Gang tattoos are still an underground practice and many tattoo artists won't do them. Even finding pictures of them on the web is a challenge.
Gang tattoos mark a person as part of a street gang or a prison gang; they symbolize membership and represent the wearer's beliefs. Sometimes they also record acts of violence or even murder.
Every gang has its own set of tattoos and markings. A few symbols, like a teardrop under one eye to represent either a murder or the death of a loved one, cross gang boundaries. But for the most part the gang-related ink represents specific beliefs or gang affiliations.
When a gang member gets a tattoo, it's often done by another member, an affiliated tattoo artist or a fellow inmate in prison. Both the person doing the tattoo and the person getting it know what it means. If you're thinking of getting inked with a gang symbol just for the sake of style, think again.
Gang tattoos cause trouble in a number of ways.
- Local police, who are trained to recognize gang markings, may take your "fashion statement" more seriously than you intended.
- Rival gang members may mistake you for an enemy.
- Members of the gang whose symbols you borrowed may resent your use of them and react dangerously.
Recognizing Gang Tattoos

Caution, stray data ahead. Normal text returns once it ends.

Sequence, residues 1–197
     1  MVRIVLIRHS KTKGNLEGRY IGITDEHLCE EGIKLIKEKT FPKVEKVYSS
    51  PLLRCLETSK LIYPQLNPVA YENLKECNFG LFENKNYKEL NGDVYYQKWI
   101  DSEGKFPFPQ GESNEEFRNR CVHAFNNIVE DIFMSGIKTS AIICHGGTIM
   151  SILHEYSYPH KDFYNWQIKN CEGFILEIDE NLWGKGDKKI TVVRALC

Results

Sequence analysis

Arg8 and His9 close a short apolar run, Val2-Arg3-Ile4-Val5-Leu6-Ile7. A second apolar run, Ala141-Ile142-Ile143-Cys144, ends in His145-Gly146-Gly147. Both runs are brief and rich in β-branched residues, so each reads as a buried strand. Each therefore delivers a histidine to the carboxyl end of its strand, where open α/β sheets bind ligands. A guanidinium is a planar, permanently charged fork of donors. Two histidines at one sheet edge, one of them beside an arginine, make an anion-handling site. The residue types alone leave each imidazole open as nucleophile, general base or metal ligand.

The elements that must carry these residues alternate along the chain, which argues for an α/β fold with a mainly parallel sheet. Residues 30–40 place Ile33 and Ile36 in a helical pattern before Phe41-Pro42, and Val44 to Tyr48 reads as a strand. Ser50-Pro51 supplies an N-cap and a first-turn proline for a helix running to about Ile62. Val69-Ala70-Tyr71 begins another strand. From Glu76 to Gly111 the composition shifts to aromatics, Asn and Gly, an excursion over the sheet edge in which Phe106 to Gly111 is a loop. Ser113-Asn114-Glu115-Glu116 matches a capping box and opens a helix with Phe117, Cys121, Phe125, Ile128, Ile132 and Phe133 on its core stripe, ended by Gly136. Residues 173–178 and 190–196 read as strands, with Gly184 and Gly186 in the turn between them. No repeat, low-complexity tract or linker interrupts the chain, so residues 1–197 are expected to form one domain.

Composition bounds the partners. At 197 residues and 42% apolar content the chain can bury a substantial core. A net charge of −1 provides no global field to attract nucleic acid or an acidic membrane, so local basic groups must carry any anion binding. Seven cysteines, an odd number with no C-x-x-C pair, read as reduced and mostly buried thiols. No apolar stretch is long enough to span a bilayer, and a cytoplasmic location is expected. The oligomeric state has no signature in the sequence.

For law enforcement officers, keeping up with the latest gang ink can be a challenge. Officers seem to be torn about the best way to share knowledge about these tattoos. Many police departments and gang investigation units choose not to make the information public, for fear gang bangers will use it. A few police and corrections officers have decided posting information and pictures, including photos of gang tattoos, on the web will help make tracking gang activity easier.
Share their efforts at:
- The Florida Department of Corrections, which has illustrations specifically of prison gang tattoos, plus details about prison gangs.
- The Canadian Border Services agency has published a PDF that categorizes prison tattoos by the type of gang with which the tattoo is associated. It includes pictures and examples as well as what the tattoos mean.
Journalism and Art
A few photographers have focused on gang tattoos, and you can find occasional magazine articles and books with pictures and information.
- The November 1998 issue of Foto 8 has a photo essay of gang tattoos in Texas prisons.
- Gangs and Their Tattoos: Identifying Gangbangers on the Street and in Prison, by Bill Valentine and Robert Schober, has information about gang rules, codes of conduct, structure and tactics as well as numerous drawings and photographs of gang-related tattoos. Law officers have found the book useful for identifying gang members, and tattoo enthusiasts have used it to make sure they didn't inadvertently give or get a gang-related tattoo.
Undoing the Damage
Gang tattoos can make it difficult for a former gang member to get a job, make friends and otherwise succeed in life after leaving the gang. That's part of the reason for getting the tattoo in the first place: it's a permanent marker of belonging.
But once someone decides to leave a gang, getting rid of the tattoo can be an important step. That's why some cities and several gang rehabilitation programs offer free or low-cost tattoo removal. In some places, a former gang member can do a set number of hours of community service in exchange for removal of a tattoo.